Tsunami On Demand: The Power To Harness Catastrophic Events

Photonic chip by Professor Andrea Fratalocchi.
Photo Fratalocchi

Can you imagine how much energy is in a tsunami wave, or in a tornado? Energy is all around us, but mainly contained in a quiet state. But there are moments in time when large amounts of energy build up spontaneously and create rare phenomena on a potentially disastrous scale. How these events occur, in many cases, is still a mystery.

To reveal the natural mechanisms behind such high energy phenomena, Andrea Fratalocchi, assistant professor in the Computer, Electrical and Mathematical Science and Engineering Division of KAUST, led a team of researchers from Saudi Arabia and three European universities and research centers to understand the dynamics of such destructive events and controlling their formation in new optical chips, which can open various technological applications. The results and implications of this study will be published today in the prestigious journal Nature Physics.

Andrea Fratalocchi
Professor Andrea Fratalocchi, Director of the Primalight Research Lab.
Photo Tunde Gaspar.

"I have always been fascinated by the unpredictability of nature, ”Fratalocchi said. “And I believe that understanding this complexity is the next frontier that will open cutting-edge pathways in science and offer novel applications in a variety of areas." Fratalocchi’s team began their research by developing new theoretical ideas to explain the formation of rare energetic natural events such as rogue waves — large surface waves that develop spontaneously in deep water and represent a potential risk for vessels and open-ocean oil platforms.”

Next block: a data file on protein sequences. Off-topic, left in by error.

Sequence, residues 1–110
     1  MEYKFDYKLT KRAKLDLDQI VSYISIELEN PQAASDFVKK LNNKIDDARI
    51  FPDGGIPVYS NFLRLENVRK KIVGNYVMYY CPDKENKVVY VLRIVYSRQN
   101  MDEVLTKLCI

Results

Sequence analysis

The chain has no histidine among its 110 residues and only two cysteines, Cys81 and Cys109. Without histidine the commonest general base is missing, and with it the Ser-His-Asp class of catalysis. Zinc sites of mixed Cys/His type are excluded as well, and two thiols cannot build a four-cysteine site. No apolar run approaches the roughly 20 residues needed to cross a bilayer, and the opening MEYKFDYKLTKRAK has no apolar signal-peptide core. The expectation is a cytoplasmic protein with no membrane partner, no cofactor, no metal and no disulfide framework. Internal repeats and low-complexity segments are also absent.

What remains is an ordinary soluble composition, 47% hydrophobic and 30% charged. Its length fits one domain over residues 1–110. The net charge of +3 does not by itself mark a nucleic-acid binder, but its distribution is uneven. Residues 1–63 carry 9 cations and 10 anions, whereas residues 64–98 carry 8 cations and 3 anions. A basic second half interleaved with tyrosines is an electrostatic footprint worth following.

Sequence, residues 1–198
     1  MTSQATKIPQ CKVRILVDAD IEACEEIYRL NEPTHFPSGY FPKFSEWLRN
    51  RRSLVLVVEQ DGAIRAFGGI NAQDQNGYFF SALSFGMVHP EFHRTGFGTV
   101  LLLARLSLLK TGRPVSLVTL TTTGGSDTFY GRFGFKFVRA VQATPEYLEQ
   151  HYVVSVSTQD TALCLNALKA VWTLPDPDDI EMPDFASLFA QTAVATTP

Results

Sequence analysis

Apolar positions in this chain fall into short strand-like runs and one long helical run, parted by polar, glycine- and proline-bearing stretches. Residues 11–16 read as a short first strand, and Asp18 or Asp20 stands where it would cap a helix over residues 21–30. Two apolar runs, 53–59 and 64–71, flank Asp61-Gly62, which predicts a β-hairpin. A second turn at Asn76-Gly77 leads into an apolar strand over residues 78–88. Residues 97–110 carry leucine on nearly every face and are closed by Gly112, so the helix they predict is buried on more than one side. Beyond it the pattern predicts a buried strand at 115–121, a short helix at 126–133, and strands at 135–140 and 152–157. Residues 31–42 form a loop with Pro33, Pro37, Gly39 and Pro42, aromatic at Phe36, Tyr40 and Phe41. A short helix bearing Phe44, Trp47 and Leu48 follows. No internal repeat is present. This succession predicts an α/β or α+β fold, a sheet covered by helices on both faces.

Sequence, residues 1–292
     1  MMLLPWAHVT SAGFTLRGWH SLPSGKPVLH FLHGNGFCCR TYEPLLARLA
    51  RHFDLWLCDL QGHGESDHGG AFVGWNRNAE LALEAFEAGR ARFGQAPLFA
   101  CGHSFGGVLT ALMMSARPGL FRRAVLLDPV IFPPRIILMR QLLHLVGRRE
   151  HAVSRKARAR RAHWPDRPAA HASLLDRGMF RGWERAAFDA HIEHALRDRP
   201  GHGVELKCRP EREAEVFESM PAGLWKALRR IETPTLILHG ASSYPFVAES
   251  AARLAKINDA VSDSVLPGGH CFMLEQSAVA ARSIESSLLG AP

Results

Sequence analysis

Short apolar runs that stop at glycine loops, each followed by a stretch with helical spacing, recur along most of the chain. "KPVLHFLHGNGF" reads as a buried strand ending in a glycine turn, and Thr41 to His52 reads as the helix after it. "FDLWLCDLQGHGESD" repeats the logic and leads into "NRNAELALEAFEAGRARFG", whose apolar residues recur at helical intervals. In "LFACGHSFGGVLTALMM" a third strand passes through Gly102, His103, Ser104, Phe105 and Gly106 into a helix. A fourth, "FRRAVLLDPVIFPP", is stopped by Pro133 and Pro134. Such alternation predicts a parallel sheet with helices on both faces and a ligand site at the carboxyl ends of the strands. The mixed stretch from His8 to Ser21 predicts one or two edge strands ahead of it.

“Our idea was something never tested before,” Fratalocchi continued. “We wanted to demonstrate that small perturbations of a chaotic sea of interacting waves could, contrary to intuition, control the formation of rare events of exceptional amplitude.”

A planar photonic crystal chip, fabricated at the University of St. Andrews and tested at the FOM Institute AMOLF in the Amsterdam Science Park, was used to generate ultrafast (163 fs long) and subwavelength (203 mn wide) nanoscale rogue waves, proving that Fratalocchi’s theory was correct. The newly developed photonic chip offered an exceptional level of controllability over these rare events.

The outcomes of this project offer leading-edge technological applications in energy research, high-speed communication and in disaster preparedness. Fratalocchi and the team believe their research represents a major milestone for KAUST and for the field. “This discovery can change once and for all the way we look at catastrophic events,” concludes Fratalocchi, ”opening new perspectives in preventing their destructive appearance on large scales, or using their unique power for ideating new applications at the nanoscale.” The title of the Nature Physics paper is “Triggering extreme events at the nanoscale in photonic seas.” 

By Francesca Serra